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Two-Factor Authentication: Common Practices and Where to Enable It

By dkpope
Sep 21, 2016
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  1. When I mentioned to a few friends that I was writing a feature about two-step authentication, the typical response was an eye-roll and "Oh, that annoying thing?..." Yes, that annoying extra step. We've all had that thought when we needed to get a code before we could log in or verify our identity online. Can I please just login without a barrage of requests?

    However, after much research about two-factor authentication (often referred to as 2FA), I don't think I'll roll my eyes at it anymore. Let's get to know two-factor authentication a little better, the different options out there, and dispel some myths surrounding that "annoying" extra step.

    Read the complete article.

     
  2. Arris

    Arris TS Evangelist Posts: 4,606   +287

    Having implemented 2FA for secure data systems I can say that it can be a pain for users but does add protection. Particularly with systems where the second factor is provided with a short period of validity. For instance, a third party system I integrated with my company's system issues a OTP (one time password) over an app which has a minute or two of validity before it expires, before generating a new one. This means that even if something is intercepted over supposedly secure channels, the window for someone to use it with the other factors (username and standard password) is small.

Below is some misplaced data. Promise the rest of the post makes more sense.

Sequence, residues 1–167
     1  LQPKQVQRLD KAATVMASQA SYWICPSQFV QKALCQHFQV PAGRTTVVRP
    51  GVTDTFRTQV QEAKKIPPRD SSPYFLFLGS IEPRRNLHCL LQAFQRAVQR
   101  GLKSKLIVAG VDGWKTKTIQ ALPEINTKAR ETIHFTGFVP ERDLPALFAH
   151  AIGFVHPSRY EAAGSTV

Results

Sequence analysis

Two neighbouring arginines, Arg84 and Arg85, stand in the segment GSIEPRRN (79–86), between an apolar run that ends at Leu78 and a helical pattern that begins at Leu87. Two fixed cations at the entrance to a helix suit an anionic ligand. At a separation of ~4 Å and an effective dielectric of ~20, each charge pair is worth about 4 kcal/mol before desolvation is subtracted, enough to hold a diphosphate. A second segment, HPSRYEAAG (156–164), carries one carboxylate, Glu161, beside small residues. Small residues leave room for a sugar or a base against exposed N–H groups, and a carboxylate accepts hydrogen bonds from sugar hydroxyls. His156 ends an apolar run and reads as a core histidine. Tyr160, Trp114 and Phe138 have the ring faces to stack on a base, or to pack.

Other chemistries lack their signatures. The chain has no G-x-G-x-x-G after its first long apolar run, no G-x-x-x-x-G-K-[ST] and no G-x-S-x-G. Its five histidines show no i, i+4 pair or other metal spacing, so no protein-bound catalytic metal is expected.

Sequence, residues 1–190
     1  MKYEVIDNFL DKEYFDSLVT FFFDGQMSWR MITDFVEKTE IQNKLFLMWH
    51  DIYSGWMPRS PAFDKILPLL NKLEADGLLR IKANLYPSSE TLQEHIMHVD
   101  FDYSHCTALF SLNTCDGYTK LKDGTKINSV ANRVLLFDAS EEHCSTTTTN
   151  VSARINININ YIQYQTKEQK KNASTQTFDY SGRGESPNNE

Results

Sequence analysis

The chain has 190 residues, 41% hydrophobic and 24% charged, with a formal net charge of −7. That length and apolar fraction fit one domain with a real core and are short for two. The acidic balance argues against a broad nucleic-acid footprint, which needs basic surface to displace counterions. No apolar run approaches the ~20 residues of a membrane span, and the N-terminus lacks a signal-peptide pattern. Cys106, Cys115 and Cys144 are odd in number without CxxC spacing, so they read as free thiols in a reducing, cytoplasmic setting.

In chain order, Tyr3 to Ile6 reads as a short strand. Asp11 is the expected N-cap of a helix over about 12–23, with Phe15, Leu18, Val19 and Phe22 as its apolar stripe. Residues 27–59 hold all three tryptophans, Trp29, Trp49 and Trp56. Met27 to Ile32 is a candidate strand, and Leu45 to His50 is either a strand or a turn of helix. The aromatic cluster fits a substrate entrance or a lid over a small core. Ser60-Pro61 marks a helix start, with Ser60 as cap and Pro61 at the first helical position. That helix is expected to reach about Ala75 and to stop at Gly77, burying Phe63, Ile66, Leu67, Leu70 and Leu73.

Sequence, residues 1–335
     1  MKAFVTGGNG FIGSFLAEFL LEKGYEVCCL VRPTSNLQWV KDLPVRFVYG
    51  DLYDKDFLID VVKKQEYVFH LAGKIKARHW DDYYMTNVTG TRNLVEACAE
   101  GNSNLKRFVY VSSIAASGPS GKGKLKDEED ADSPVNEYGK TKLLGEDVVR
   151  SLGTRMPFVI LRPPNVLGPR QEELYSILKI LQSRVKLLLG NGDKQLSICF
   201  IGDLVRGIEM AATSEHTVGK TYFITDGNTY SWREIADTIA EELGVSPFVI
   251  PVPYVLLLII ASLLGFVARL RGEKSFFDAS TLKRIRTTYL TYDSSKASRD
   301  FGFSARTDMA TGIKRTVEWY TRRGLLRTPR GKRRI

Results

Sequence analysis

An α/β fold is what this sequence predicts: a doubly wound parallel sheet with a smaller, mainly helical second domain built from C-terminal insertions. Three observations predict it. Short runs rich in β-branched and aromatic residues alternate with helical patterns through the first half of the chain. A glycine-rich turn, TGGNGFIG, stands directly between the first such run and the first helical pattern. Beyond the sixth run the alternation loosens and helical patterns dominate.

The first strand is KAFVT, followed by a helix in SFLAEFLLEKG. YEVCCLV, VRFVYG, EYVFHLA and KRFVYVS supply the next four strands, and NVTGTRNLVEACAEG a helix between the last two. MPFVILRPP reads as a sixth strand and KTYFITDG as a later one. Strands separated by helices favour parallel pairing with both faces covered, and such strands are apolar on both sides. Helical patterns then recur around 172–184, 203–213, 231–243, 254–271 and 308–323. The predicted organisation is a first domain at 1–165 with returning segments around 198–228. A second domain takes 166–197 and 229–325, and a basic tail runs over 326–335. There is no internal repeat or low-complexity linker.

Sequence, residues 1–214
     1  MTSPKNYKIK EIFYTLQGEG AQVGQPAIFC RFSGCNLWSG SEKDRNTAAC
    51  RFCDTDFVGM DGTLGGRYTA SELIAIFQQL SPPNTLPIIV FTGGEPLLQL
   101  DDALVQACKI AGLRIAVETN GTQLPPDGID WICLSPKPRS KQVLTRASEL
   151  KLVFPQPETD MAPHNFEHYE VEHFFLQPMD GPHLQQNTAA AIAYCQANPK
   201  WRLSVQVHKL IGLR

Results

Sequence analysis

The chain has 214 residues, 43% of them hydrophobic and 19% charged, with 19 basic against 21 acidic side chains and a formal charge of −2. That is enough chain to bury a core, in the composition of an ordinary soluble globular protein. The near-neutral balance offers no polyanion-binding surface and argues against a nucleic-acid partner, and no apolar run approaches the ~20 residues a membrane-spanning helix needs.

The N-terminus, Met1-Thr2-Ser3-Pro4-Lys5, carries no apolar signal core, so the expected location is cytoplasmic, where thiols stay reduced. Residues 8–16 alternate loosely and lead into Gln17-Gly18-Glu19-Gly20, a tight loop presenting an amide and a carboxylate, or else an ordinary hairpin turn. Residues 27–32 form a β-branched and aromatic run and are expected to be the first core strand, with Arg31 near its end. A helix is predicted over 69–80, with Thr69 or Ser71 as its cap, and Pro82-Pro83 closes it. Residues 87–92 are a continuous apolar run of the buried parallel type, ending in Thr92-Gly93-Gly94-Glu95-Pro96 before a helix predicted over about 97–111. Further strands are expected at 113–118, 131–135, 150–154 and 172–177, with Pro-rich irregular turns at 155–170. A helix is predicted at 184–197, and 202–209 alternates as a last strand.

To state that 2FA is flawed is probably not the best way of phrasing it. Perhaps saying it isn't perfect, that it isn't foolproof or 100% secure. "Flawed" when discussing software or technology suggests that there is a fundamental imperfection with the whole concept, or a poor implementation that causes the technology to fail. If 2FA is to be labelled as "flawed" what does that make single factor authentication?

    2FA that uses RSA tokens or even the likes of Battle.net authenticator to log into World of Warcraft really need you to have access to the physical token to gain access making it, in my opinion, one of the most secure types. Also the systems that use biometric methods for the second factor are inherently more secure (other than the laughable face recognition systems that can be circumvented with a picture of the person's face).